Users can start a Viber Community that has unlimited membership, so it's extremely useful for communities centered on brand and inbound marketing strategies similar to Telegram. Line is yet another similar secret chat app that should be considered as the next big social media platform.
Its user base is only 30 million. It doesn't compare to Telegram's 180 million, Viber's 1 billion, or Line's 600 million, but that also means it gets to build on the lessons learned from those others. Whisper is focused on complete anonymity. Users don't have an identity or profile. They can't be found through a search. There are no friends or followers. Even chats and private messages can maintain that anonymity.
That sounds like a marketing nightmare, right? The major element of Whisper that's appealing is that it groups by location. That's particularly appealing for small- and medium-sized businesses that are focused on a region. Whisper promises to be a bit tougher to figure out, but has great potential because of its appeal to a user base that's drawn to its unique features.
This is China's top search engine. Search engines aren't usually considered social media platforms, but this one works more like a forum with search functionality built into it.
When a user makes a search, they're directed toward discussion threads that address the topic. If none is available, a new discussion thread is created around the query.
The appealing part of this is that Baidu Tieba has about one billion registered users, and 300 million monthly active users.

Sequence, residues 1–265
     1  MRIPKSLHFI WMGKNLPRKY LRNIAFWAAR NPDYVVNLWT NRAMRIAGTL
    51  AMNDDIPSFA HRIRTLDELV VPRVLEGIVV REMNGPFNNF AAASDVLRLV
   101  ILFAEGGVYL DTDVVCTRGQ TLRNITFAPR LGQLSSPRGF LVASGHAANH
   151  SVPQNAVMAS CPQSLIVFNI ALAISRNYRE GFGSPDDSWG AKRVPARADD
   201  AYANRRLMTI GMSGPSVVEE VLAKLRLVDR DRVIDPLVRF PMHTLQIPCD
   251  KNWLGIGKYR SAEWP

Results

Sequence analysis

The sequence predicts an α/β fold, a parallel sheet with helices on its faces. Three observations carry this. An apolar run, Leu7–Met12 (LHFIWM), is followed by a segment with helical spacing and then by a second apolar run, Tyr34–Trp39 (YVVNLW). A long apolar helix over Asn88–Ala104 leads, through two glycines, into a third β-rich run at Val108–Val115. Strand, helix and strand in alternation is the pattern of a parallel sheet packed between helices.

As Google toys with the concept of socializing searches, familiarity with Baidu Tieba might also give a window into potential ways that search engines evolve in the U.S.
Be Cautious With...
TenCent QQ is China's largest social media platform. It's also one of the largest in the world. It allows access to nearly a billion people worldwide. Why be cautious with it? Western consumers – especially Millennials and Gen Z – have become extremely wary of TenCent's potential censorship of various political issues.
Platforms like Reddit have already seen the kind of controversy that can surround these issues. TenCent invested heavily into Reddit, as well as other Western social media platforms like Snapchat. That hasn't necessarily held back these platforms, but it has created difficulty for many businesses on them.
While the controversies themselves aren't always initially embraced by the larger community, the nature of social media means it only takes a dedicated and vocal group to educate and involve a more general user base.
Look no further than game publisher Blizzard's extremely rocky 2019 to see the level of blowback that can happen as a result of censorship concerns on social media. It united activists, users, and lawmakers against the business. Blizzard was hardly alone in facing this level of controversy, but it is one of the more public and easily understood examples.
If your marketing focuses on younger consumers in the U.S., be very judicious about the choices you make when it comes to platforms like TenCent QQ.